Long Live the Tribe of Fatherless Girls, a moving memoir by T Kira Madden

Long Live the Tribe of Fatherless Girls

My Review:

Long Live the Tribe of Fatherless Girls, a stunning debut, is T Kira Madden’s story.   A school girl’s coming of age in wealthy Boca Raton, Florida, the author struggles with her identity and shares with us the good the bad and the ugly.  T Kira was born to a white, Jewish shoe developer from Long Island, and a Chinese Hawaiian mother.  Although T Kira was privileged in some ways, she went to private school, was a member of the Madden shoe family (Steve Madden’s niece) and rode horses, she was forced to navigate her tormented youth as a biracial, gay teen with absentee, drug and alcohol addicted parents.

Her support system mostly consisted of other girls who had little parental supervision and enabled each other to make poor choices.  They stuck together out of necessity and were often reckless.  The lack of a  father figure for these young girls was reflected in how they behaved and how they felt about themselves.  Feeding in to her insecurities, one of T Kira’s father’s friends told her, “No child should be fatherless. No man will ever love a fatherless girl. She won’t know how to treat him right. How to rub a man’s feet.”

In her eyeopening and heartbreaking essays, the author shares her experiences, many of which are tragic, with frightening circumstances that were unthinkable. As I became absorbed in the writing, It was often difficult for me to remember this was a memoir.  From being bullied and feeling ugly, to a frightening occurrence of sexual abuse and drug experimentation, Madden reveals the trials and tribulations of her messy childhood.

The impact her parents’ presence (and lack of) had on her identity was explored as Madden comes to terms with her mother’s past and how her experiences shaped her.  She writes about her mother’s specific story, yet it is commentary on a bigger picture regarding the upbringing of young girls and what happens when what is unacceptable treatment has been accepted.

Madden consistently talks about her dad, the time they spent together, and his death.   Clearly impacted by his minimal fathering, she says “When I think of my father, I think of my heart breaking in stages. A dull pain, then piercing.  Electric. Still, somehow, gradual.”

T Kira Madden does not write like she feels sorry for what she has endured.  From being left alone at a baseball game, to coming out, she talks about her experiences and how it was for her, in a way where you can imagine her emotions.  Privilege and money did not build self esteem.  T Kira is special in that she is a keen observer of behavior and had a mature way of processing what she saw with her parents and their addictions.  She didn’t escape heartbreak and troubles and she participated fully in her childhood and coming of age with risky behavior.  Lucky for her, and for us, she came out on top.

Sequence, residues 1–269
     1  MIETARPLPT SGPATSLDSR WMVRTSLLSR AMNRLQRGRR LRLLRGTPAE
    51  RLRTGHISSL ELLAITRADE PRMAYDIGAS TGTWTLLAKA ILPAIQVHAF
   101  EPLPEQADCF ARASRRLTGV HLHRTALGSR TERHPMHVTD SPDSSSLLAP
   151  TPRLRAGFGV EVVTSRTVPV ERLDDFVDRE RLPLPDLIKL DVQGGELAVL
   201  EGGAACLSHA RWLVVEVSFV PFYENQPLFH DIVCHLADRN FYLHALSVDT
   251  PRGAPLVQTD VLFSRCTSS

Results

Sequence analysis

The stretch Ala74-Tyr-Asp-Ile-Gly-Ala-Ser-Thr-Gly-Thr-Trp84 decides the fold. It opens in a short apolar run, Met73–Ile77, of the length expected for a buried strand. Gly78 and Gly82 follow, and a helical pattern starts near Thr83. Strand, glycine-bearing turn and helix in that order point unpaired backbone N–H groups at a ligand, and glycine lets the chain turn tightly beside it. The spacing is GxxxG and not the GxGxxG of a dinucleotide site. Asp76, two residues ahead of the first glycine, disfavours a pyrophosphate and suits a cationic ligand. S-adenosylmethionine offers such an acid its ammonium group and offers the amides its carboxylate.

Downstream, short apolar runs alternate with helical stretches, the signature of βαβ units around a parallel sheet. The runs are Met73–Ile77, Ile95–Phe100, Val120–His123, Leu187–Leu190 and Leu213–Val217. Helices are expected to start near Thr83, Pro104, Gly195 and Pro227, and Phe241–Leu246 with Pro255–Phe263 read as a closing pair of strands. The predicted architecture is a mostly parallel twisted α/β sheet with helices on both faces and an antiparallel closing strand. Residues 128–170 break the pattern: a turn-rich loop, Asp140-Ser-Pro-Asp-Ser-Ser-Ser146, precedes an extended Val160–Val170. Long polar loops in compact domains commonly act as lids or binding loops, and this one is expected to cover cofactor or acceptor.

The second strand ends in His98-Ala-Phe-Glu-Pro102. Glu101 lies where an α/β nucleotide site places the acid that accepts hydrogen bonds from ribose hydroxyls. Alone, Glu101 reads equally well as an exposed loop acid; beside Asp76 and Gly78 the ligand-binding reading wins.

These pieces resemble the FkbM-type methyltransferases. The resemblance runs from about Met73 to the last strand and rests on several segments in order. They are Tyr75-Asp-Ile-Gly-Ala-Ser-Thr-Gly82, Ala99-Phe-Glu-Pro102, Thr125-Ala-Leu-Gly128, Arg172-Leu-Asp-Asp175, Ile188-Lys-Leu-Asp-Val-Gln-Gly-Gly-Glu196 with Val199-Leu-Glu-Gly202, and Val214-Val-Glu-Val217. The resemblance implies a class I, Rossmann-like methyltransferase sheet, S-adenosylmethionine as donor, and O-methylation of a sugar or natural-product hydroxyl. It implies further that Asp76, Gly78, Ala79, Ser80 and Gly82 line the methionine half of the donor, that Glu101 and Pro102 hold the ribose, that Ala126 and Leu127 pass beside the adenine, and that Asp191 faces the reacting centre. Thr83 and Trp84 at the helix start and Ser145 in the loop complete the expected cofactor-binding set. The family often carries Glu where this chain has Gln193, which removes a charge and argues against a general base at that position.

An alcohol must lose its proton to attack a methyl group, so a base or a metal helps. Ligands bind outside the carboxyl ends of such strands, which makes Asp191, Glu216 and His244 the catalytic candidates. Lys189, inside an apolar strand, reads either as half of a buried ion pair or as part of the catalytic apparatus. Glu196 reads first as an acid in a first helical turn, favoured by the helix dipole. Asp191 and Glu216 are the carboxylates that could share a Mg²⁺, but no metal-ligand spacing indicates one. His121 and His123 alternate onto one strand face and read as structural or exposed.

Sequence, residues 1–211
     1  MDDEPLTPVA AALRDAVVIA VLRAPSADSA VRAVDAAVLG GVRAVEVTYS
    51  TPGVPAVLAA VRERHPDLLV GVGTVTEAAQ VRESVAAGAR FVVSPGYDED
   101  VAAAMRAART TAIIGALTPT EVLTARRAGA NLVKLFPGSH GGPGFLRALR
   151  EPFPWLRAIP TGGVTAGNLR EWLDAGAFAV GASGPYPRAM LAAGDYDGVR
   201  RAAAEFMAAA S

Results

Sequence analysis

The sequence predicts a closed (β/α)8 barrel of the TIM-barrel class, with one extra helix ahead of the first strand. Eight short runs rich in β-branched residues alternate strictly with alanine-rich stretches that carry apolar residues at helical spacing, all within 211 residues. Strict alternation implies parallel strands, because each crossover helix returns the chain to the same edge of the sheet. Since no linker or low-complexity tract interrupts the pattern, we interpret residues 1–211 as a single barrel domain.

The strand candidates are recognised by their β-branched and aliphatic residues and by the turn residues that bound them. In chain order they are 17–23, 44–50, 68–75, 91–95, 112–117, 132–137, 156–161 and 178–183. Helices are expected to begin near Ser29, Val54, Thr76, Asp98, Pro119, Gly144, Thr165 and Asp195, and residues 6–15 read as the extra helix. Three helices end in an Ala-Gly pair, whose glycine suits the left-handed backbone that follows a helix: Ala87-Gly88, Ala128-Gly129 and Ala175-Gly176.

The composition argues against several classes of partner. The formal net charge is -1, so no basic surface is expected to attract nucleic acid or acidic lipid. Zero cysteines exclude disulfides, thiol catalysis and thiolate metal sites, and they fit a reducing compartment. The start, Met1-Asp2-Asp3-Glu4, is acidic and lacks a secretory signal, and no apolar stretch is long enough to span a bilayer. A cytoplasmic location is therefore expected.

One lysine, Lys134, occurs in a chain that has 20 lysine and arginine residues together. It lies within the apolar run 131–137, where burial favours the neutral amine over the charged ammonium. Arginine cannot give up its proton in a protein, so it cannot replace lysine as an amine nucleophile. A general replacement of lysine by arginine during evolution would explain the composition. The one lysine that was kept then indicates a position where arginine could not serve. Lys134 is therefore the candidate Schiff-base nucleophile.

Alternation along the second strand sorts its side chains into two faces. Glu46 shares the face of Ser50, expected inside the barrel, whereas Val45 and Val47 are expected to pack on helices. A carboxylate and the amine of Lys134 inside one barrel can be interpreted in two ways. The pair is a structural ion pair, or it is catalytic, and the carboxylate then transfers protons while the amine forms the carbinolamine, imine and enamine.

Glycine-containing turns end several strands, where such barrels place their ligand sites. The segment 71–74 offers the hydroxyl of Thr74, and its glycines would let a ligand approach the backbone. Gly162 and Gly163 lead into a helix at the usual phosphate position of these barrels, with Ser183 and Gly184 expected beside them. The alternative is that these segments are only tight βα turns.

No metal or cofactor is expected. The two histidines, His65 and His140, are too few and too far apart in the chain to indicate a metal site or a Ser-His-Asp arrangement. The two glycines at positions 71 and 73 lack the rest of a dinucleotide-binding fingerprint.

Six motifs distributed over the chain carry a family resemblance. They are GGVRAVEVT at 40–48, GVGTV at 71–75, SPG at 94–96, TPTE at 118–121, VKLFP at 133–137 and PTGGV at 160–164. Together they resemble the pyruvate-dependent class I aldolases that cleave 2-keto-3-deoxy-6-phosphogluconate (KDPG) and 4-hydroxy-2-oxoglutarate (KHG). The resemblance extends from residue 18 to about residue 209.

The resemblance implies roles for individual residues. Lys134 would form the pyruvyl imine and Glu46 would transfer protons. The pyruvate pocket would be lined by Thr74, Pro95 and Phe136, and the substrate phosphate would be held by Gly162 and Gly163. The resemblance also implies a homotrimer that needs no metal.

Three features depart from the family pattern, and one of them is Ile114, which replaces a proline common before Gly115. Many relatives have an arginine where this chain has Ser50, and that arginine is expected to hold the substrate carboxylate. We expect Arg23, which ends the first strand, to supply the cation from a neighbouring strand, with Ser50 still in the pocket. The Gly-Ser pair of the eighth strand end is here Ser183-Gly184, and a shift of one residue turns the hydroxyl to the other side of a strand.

So many young girls have insecurities, indulge in experimentation and are faced with challenges and deep disappointments. T Kira Madden, armed with drive and perseverance, and showered with just enough love to keep moving forward, has forged a new path for herself which, in turn, gives hope to others.  Revealing her toxic upbringing, dealing with her father’s death, and through her DNA search to connect with her true tribe, she has made an impression on me, and I’m sure other readers as well.

In her memoir, Long Live the Tribe of Fatherless Girls, you can feel the love she has for her family, despite their shortfalls.  She is an observant woman and a compassionate writer with a gift for storytelling that will make you feel deeply.   I highly recommend this memoir.

 Goodreads Summary

 

T Kira Madden

About the Author

T Kira Madden is a lesbian APIA writer, photographer, and amateur magician living in New York City. She holds an MFA in creative writing from Sarah Lawrence College and an BA in design and literature from Parsons School of Design and Eugene Lang College. She is the founding Editor-in-chief of No Tokens, a magazine of literature and art, and is a 2017 NYSCA/NYFA Artist Fellow in nonfiction literature from the New York Foundation for the Arts. She has received fellowships from The MacDowell Colony, Hedgebrook, Tin House, DISQUIET, Summer Literary Seminars, and Yaddo, where she was selected for the 2017 Linda Collins Endowed Residency Award. She facilitates writing workshops for homeless and formerly incarcerated individuals and currently teaches at Sarah Lawrence College. Her debut memoir, LONG LIVE THE TRIBE OF FATHERLESS GIRLS, is available now. There is no period in her name.

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